SIGN IN PLEASE
People queue up for their registration cards at O'Russey 4 station.
Hail to the chief. The Cambodian commune chief, that is.
The apparent smooth technical start to Voter Registration '98 was a tribute in the main to the louk prathean (the chiefs) relaxing in the shade outside the polling stations, gold pens in their shirts, ICOM radios in their hands, and typed schedules detailing village-by-village participation in their pockets.
With all due respect to the European Union which is funding the lion's share of this electoral process, it seems that these local chiefs are the real technical geniuses.
"We informed the population a long time ago [about registration]," said Leng Sovann, deputy commune governor of O'Russey 4 district in Phnom Penh.
"We got the group [or village] chiefs together when the Commune Election Commission told us, and they then went and told the people they must come to register. And we sent cards to every house informing them of the day they must come.
"If some people don't come to register maybe they're a bit busy today. We'll go around to their houses and remind them."
With such personal service it seemed possible that the EU's $270,000 voter education campaign could have been turned over to these chiefs who would have done the job better and at a fraction of the cost to boot. The prospective voters of O'Russey 4 were there to register because their chief told them to, although some did remember they had heard something on the radio but didn't pay much mind because it didn't mention a date.
But everything was not as it seemed. The chiefs who were doing such a great job ensuring an orderly and complete turnout countrywide were, as it happened, also the cause of a testy political squabble before sunset on Day One.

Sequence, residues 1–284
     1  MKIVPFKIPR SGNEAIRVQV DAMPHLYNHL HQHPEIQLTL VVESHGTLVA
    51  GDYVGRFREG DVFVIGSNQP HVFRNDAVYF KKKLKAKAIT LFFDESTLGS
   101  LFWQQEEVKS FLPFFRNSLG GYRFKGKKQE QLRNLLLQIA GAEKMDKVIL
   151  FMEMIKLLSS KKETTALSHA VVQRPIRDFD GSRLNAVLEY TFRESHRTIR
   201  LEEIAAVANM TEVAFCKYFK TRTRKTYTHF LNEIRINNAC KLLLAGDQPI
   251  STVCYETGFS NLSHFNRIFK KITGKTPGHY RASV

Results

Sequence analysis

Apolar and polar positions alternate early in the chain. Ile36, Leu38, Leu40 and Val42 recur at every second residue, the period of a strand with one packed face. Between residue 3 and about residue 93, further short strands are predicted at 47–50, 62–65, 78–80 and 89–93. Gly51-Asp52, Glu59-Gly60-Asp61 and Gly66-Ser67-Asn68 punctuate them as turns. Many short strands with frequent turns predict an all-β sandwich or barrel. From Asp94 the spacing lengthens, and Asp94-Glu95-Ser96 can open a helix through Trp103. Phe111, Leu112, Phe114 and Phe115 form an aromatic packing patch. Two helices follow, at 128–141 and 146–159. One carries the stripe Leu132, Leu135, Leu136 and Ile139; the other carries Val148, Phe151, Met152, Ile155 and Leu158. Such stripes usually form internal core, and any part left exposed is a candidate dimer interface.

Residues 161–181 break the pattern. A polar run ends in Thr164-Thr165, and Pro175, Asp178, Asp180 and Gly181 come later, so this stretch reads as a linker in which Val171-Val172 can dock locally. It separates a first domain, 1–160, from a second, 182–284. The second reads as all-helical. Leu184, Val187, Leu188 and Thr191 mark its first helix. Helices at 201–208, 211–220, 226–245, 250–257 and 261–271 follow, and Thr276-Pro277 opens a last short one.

The problem was not in the "orderliness" of the turnout - that seemed fine - but more about who was being encouraged to register.
The fact that the majority of Cambodia's commune chiefs are card-carrying CPP members seemed to excite allegations of vested interest and bias from CPP's opposition.
"Systematic abuse at voter registration stations," screamed a 5:39pm fax from the Sam Rainsy Party (stations closed that day at 5pm). Rainsy complained that stations were refusing to register some people unless they had come with their CPP "cell-leader".
"This means that only those who have promised to vote for the CPP are being allowed to register. If this strategy continues there is no chance of an election that is even remotely acceptable."
By the morning of Day Two, these concerns had grown even more frantic and widespread. Rainsy's description of "systematic" seemed accurate; the CPP maintained however that it wasn't "abuse", rather the chiefs were just doing their bit for democracy.
In Battambang a registration center was moved from one village to another without voters being told, Rainsy claimed. In Kandal a Rainsy observer was refused access to one station and his party card confiscated by soldiers. "We urge all observers, Cambodian and international, not to turn a blind eye to these gross abuses of voter rights," Rainsy fumed.